A cataloging listserv I subscribe to brought the Darwin Day Petition to my attention.
Barbara Shaw, a graduate student at Portland State University, is drafting a petition requesting that books on creationism and intelligent design be moved in bookstores and libraries from the science section to the religion section.
Ms. Shaw presents the idea that the placing of intelligent design texts in the science section comes not out of malice, but out of misinformation. She writes, "Categorizing books is both a science and an art. We respect the enormous task they have, and our efforts are to support them, not in any way to undermine them."
Ms. Shaw places the blame squarely on the shoulders of scientists. She argues that they must do a better job of teaching the public "what science is, and what science is not."
As someone who classifies library materials as part of her job, Shaw's petition shows a weakness in the process. For both Dewey Decimal Classification and LC Classification, the classifier has to use his or her best judgment when assigning a class number. If a book is about one topic and it is mis-classified, it's an error on the catalogers part. If, though, the book is about two topics, the classifier must decide what the book is more "about."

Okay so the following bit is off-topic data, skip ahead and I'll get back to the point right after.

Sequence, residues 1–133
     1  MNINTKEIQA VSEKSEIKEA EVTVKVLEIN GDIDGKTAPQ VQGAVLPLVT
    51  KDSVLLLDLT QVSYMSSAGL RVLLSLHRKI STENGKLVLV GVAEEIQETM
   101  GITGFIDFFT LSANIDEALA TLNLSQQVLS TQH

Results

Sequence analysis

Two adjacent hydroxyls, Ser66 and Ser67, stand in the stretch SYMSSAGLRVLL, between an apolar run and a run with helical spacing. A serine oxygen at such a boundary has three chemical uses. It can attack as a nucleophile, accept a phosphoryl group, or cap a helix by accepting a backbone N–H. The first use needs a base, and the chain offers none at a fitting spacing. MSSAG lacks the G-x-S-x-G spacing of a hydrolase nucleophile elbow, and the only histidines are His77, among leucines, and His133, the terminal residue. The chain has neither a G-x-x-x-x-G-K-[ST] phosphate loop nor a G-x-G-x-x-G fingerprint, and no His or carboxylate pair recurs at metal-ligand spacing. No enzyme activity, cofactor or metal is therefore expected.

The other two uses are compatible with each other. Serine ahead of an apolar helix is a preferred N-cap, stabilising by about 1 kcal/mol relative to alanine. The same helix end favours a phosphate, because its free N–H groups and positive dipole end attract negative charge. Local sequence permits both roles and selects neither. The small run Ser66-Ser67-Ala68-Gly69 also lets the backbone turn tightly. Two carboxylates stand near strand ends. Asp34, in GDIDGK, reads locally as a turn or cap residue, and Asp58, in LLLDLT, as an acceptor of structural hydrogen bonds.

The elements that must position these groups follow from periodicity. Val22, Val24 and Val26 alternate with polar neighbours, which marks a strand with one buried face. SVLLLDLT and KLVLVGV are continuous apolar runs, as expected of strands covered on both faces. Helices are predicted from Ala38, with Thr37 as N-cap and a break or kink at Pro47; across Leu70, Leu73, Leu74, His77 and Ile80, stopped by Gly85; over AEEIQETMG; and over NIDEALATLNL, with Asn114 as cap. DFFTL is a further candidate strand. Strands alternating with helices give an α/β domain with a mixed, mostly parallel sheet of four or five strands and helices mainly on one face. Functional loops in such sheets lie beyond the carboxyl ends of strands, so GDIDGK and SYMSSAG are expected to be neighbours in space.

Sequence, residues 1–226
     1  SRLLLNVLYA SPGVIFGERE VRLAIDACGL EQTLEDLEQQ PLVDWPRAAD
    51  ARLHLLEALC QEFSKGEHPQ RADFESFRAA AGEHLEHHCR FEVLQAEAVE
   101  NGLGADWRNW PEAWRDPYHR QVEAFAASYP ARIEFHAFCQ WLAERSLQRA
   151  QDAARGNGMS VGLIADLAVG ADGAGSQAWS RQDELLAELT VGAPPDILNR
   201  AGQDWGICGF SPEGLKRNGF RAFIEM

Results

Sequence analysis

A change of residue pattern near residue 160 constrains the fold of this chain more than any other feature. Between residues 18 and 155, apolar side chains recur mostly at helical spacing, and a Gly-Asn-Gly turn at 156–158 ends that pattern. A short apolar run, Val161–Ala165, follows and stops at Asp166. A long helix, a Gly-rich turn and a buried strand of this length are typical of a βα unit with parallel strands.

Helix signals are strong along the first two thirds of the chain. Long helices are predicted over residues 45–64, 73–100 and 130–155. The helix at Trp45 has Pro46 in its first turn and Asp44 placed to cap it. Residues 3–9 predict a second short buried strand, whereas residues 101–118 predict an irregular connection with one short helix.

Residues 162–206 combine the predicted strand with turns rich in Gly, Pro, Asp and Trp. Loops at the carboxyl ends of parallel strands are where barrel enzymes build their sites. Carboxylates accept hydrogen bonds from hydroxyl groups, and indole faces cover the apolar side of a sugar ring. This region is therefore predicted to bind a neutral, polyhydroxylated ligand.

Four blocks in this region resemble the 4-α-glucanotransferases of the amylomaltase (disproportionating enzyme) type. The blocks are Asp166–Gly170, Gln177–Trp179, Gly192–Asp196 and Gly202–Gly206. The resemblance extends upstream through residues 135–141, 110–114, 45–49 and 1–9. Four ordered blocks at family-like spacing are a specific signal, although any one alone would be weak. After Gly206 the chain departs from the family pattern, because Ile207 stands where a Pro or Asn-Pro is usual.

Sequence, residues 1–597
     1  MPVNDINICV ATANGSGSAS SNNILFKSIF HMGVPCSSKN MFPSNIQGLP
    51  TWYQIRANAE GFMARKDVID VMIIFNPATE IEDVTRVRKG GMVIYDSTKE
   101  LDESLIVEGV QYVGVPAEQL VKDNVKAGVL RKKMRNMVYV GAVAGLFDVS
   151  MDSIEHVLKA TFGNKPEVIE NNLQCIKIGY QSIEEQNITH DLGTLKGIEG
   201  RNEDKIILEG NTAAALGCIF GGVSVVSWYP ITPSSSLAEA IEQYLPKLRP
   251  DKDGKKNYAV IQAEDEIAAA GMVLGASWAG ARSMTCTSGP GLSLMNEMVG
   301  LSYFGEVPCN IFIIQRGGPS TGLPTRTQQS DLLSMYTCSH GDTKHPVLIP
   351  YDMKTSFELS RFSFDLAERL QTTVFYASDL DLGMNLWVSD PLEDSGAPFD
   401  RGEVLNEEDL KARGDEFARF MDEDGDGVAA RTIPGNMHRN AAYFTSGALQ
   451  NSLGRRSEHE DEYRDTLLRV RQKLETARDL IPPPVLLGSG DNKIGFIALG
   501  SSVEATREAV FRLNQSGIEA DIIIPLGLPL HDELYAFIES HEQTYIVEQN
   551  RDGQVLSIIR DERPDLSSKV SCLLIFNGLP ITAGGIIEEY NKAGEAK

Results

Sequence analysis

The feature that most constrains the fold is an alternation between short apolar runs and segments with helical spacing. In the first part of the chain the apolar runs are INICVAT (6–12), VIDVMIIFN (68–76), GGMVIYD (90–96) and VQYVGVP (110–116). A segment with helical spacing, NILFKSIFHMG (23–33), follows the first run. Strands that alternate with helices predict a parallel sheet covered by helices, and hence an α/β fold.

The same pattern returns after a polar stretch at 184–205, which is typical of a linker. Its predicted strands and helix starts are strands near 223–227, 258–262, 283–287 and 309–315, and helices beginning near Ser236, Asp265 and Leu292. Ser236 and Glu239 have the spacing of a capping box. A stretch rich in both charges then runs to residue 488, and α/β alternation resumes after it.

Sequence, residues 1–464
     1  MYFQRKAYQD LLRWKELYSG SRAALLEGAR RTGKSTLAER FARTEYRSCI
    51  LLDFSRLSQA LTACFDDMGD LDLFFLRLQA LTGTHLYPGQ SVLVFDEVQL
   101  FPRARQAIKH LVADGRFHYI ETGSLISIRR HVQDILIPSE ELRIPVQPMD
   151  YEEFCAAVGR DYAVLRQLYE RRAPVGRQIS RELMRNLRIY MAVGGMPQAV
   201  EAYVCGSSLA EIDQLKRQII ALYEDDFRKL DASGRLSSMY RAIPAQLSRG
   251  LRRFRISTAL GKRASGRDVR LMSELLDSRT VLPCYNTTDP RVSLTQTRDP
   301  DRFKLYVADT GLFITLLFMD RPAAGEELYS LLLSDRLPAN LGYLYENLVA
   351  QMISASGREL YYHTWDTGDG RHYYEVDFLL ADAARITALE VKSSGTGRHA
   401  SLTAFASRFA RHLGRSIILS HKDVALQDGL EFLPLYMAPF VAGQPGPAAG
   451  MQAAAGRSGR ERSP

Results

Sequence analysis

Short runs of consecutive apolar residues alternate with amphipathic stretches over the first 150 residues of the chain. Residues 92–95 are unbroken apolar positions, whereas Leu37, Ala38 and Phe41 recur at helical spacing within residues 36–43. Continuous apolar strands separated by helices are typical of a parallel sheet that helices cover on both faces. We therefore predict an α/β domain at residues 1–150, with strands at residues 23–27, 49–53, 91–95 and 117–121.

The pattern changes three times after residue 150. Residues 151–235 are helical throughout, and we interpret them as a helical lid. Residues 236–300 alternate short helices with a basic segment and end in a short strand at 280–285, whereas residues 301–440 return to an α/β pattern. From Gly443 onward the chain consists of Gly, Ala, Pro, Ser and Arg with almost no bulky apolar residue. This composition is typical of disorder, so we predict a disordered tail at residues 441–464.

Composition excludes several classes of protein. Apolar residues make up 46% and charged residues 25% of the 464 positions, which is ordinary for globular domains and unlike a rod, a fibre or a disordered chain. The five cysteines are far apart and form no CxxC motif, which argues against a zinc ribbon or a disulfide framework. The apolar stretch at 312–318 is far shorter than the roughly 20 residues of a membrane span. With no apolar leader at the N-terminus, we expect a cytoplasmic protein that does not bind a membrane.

For instance, if a book "about" both intelligent design and evolution, the classifier has to decide which topic the book is more "about." He or she must often look beyond the title page to get the information needed, like the author's background or argument.
As Ms. Shaw states, it's both an art and a science. And sometimes we get it wrong.
I think it's neat that Ms. Shaw and her colleagues feel so strongly about the situation that they are willing to work for change. I respect that.
It is a reminder for me, as a cataloger, to always be vigilant when making decisions.